Here is an example definition of a hook wrapper:

import pytest

def pytest_pyfunc_call(pyfuncitem):

    outcome = yield
    # outcome.excinfo may be None or a (cls, val, tb) tuple

    res = outcome.get_result()  # will raise if outcome was exception


    outcome.force_result(new_res)  # to override the return value to the plugin system

Note that hook wrappers don’t return results themselves, they merely perform tracing or other side effects around the actual hook implementations. If the result of the underlying hook is a mutable object, they may modify that result but it’s probably better to avoid it.

For more information, consult the pluggy documentation.

Hook function ordering / call example

For any given hook specification there may be more than one implementation and we thus generally view hook execution as a 1:N function call where N is the number of registered functions. There are ways to influence if a hook implementation comes before or after others, i.e. the position in the N-sized list of functions:

# Plugin 1
def pytest_collection_modifyitems(items):
    # will execute as early as possible

# Plugin 2
def pytest_collection_modifyitems(items):
    # will execute as late as possible

# Plugin 3
def pytest_collection_modifyitems(items):
    # will execute even before the tryfirst one above!
    outcome = yield
    # will execute after all non-hookwrappers executed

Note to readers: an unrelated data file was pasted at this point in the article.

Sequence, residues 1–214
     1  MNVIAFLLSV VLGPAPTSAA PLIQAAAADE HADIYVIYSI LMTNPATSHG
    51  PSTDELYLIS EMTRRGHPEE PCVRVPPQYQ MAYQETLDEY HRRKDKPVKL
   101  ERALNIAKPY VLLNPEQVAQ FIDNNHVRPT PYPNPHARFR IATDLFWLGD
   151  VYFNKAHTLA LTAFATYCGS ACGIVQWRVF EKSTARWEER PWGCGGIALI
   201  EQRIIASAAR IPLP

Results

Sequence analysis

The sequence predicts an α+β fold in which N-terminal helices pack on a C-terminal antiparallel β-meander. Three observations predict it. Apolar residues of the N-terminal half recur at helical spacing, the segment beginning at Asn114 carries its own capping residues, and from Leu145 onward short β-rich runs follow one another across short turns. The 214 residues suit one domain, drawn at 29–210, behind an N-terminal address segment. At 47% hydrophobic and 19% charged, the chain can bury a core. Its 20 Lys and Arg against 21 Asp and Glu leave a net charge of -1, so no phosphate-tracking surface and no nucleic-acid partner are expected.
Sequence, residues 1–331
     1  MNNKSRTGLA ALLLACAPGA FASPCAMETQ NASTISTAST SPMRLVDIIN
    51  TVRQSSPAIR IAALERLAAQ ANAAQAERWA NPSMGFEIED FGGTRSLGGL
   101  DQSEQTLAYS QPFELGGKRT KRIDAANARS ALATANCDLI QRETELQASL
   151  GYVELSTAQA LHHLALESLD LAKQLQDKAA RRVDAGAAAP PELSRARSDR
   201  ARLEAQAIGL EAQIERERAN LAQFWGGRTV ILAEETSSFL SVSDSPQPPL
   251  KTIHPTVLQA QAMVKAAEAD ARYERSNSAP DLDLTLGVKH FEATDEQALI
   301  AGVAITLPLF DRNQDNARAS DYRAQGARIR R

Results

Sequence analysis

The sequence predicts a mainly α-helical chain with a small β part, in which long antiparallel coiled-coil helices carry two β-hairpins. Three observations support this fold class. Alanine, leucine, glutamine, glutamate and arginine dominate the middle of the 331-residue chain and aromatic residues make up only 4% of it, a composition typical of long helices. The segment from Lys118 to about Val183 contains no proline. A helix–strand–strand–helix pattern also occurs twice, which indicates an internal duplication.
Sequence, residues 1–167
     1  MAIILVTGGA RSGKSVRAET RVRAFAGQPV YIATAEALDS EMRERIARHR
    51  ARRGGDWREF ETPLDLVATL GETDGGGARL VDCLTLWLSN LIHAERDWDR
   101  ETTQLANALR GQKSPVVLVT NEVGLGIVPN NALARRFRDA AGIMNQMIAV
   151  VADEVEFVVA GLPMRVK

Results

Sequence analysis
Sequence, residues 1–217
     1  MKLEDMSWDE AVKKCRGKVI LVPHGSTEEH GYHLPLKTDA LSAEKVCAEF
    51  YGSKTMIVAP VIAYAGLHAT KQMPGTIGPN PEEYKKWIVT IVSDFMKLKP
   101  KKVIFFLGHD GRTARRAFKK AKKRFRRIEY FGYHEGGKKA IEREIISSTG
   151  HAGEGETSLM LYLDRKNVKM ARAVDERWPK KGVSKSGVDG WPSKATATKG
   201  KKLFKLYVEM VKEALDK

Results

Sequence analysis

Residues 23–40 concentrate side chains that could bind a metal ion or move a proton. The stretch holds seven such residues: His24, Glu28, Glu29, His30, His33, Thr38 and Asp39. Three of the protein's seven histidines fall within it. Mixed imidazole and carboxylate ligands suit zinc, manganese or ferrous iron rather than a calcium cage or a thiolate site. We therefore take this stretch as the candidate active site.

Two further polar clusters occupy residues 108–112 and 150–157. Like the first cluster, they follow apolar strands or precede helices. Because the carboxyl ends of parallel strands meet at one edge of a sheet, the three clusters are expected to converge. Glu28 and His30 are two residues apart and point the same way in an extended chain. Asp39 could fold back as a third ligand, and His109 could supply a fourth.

Here is the order of execution:

  1. Plugin3’s pytest_collection_modifyitems called until the yield point because it is a hook wrapper.
  2. Plugin1’s pytest_collection_modifyitems is called because it is marked with tryfirst=True.
  3. Plugin2’s pytest_collection_modifyitems is called because it is marked with trylast=True (but even without this mark it would come after Plugin1).
  4. Plugin3’s pytest_collection_modifyitems then executing the code after the yield point. The yield receives a Result instance which encapsulates the result from calling the non-wrappers. Wrappers shall not modify the result.

It’s possible to use tryfirst and trylast also in conjunction with hookwrapper=True in which case it will influence the ordering of hookwrappers among each other.

Declaring new hooks

Plugins and conftest.py files may declare new hooks that can then be implemented by other plugins in order to alter behaviour or interact with the new plugin:


called at plugin registration time to allow adding new hooks via a call to pluginmanager.add_hookspecs(module_or_class, prefix).

Parameters:pluginmanager (_pytest.config.PytestPluginManager) – pytest plugin manager


This hook is incompatible with hookwrapper=True.

Hooks are usually declared as do-nothing functions that contain only documentation describing when the hook will be called and what return values are expected.

For an example, see newhooks.py from xdist.

Optionally using hooks from 3rd party plugins

Using new hooks from plugins as explained above might be a little tricky because of the standard validation mechanism: if you depend on a plugin that is not installed, validation will fail and the error message will not make much sense to your users.

One approach is to defer the hook implementation to a new plugin instead of declaring the hook functions directly in your plugin module, for example:

# contents of myplugin.py

class DeferPlugin(object):
    """Simple plugin to defer pytest-xdist hook functions."""

    def pytest_testnodedown(self, node, error):
        """standard xdist hook function.

def pytest_configure(config):
    if config.pluginmanager.hasplugin("xdist"):

This has the added benefit of allowing you to conditionally install hooks depending on which plugins are installed.